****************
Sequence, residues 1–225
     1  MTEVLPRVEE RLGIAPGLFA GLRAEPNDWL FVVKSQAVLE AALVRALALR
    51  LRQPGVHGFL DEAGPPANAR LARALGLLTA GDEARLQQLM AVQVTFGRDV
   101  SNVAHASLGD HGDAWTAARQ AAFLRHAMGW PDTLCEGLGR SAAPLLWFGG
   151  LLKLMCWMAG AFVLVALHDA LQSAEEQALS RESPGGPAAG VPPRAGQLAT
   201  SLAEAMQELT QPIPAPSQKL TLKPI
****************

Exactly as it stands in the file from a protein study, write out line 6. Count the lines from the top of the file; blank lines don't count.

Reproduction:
   201  SLAEAMQELT QPIPAPSQKL TLKPI